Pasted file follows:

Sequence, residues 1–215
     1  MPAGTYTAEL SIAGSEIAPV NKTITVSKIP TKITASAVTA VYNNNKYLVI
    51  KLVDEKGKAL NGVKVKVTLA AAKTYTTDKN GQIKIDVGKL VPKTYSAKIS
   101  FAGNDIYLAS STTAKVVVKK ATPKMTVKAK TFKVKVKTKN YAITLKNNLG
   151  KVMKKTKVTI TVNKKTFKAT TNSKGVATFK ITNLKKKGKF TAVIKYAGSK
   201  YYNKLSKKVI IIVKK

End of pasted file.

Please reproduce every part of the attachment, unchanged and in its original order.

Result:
Sequence, residues 1–215
     1  MPAGTYTAEL SIAGSEIAPV NKTITVSKIP TKITASAVTA VYNNNKYLVI
    51  KLVDEKGKAL NGVKVKVTLA AAKTYTTDKN GQIKIDVGKL VPKTYSAKIS
   101  FAGNDIYLAS STTAKVVVKK ATPKMTVKAK TFKVKVKTKN YAITLKNNLG
   151  KVMKKTKVTI TVNKKTFKAT TNSKGVATFK ITNLKKKGKF TAVIKYAGSK
   201  YYNKLSKKVI IIVKK